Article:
This is my first time in a leadership position where I am responsible for managing several employees. All of my direct reports are all in the early stages of their careers. I want to help mentor their professional development and make their positions rewarding but I also need a lot of work from them with a quick turnaround.
How do I strike the balance between giving them a sense of autonomy and making sure I get what I need from them. I don't want to be a micromanager but I feel like things won't get done unless I check in on them frequently.
See the expert advice Leadership Coach Lolly Daskal and Psychologist Art Markman gave her here, then check out what the crowd had to say:
Give Them Ownership:
Involve your team in the process. Ask your team the same questions that you ask yourself. You might be very surprised by the responses you receive. Having an open door policy is great, but don't wait for your team to come to you - go out and ask them what they think, and then act on the feedback you receive. — Richard Lock
Make sure they feel empowered to make decisions and expect to be held accountable for those decisions. — Alonso Portillo
Know the outcomes that drive your business, explain why they are vital, share the current processes for achieving those results, schedule regular time where employees focus on innovating those processes to help make them their own while improving them. —David M. Kane
I have two employees that I rely on to manage their teams. I give them the rein they need and I ask them for their permission before I step in to handle something. This can be hard sometimes but the loyalty I get in return is second to none and I don't have to handle as many headaches. — Dan Bockman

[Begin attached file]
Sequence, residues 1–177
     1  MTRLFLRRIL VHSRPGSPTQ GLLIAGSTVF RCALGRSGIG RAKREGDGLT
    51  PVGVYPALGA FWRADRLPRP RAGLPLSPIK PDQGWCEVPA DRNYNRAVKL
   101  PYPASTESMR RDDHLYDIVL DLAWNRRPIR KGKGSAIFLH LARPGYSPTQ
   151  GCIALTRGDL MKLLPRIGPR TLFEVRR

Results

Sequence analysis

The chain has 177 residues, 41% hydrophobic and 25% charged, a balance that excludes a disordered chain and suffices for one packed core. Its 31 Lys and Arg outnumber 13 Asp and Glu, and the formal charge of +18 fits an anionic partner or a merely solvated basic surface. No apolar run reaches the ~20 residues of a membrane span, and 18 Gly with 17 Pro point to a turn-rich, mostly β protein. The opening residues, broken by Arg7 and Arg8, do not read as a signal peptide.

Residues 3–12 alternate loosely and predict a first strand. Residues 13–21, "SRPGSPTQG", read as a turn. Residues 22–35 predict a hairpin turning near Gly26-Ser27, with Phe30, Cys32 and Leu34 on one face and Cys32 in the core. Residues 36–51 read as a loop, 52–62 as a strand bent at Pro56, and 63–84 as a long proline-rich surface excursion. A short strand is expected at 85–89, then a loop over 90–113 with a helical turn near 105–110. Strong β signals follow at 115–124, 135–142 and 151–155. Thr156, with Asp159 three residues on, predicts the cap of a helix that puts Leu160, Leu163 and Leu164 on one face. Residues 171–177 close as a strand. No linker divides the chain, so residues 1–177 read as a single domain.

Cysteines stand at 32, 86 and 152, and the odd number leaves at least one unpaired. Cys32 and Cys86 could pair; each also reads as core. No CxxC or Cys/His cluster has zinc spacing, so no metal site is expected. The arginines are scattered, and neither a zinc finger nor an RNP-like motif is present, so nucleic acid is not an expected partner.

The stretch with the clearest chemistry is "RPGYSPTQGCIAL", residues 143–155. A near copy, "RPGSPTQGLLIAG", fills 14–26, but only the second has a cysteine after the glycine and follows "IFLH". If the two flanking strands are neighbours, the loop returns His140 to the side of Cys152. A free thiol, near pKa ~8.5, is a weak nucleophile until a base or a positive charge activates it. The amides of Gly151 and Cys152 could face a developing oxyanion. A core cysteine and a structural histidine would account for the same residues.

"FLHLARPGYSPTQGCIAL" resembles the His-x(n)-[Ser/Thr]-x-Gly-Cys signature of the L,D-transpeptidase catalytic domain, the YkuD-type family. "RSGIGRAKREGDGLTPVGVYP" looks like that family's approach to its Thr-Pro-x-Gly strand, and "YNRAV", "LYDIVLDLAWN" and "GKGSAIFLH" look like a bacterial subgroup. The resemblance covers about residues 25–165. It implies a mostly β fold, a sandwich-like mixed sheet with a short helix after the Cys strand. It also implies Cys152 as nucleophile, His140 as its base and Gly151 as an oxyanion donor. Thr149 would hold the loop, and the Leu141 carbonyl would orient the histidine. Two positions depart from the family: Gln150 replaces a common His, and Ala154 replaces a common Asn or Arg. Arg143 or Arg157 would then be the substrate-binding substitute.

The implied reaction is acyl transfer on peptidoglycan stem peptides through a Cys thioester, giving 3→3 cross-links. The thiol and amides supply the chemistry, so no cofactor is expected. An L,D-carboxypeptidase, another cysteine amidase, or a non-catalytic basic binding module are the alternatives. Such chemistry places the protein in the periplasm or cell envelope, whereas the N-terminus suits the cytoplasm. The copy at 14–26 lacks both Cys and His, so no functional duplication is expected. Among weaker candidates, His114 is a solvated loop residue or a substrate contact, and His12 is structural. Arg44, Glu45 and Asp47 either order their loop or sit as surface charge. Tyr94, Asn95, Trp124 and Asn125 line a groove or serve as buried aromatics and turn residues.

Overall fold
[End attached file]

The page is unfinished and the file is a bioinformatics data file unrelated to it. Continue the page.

Set expectations, it's OK to check in occasionally to see how the project is going and to see if they need any help. In general if they can't get the tasks done that they were hired for by the timeline agreed upon consistently the questions are do they need more training, are the timelines unrealistic, do they not have the right tools or is this job just not the right fit for them? — Vernon Welch
If you want someone to do something, then you have to make them WANT to do it. Explain to your employees how their efforts benefit and directly affect them. Make sure you use the terms "us" and "we" when explaining things. This will align your goals with each other. After that, less supervision is required, although I would recommend a review every few months or so. — Designs By Trey
A million great ideas, but trouble following through? You're not alone. Brittany describes a problem many of us have:
How would you recommend taking an idea to something more tangible? I am best at conceptualizing ideas. How do I execute on my ideas or find people who are executors?
See the expert advice Psychologist Art Markman gave her here, then check out what the crowd had to say:
Find a Team:
YOU don't. You inspire other talented people to collaborate, lead and execute them together! — Moira Noiseux
Partner up with someone you trust that has the ability, drive and follow through to make those big ideas become reality. — Joelyn B.
Make a Plan:
Instead of making a long list of things you want to do, why not start with one instead? Take steps to achieve the goals day by day. — Cliff Smith
Clear vision & small chunks. Being clear on the targetand breaking the journey down into small, definable steps with clear end points. — Matthew Abrams
Write it down!! GOSPA: Goals Objectives Strategy Plan Activities — Carlo A.
Ideas are cheap and the real test is when you get into specifics of resources and tangible problems that may arise. Once you go through the process a few times, you instinctively consider these factors when brainstorming for ideas, and you filter out ones that had no real value. —James Chanbonpin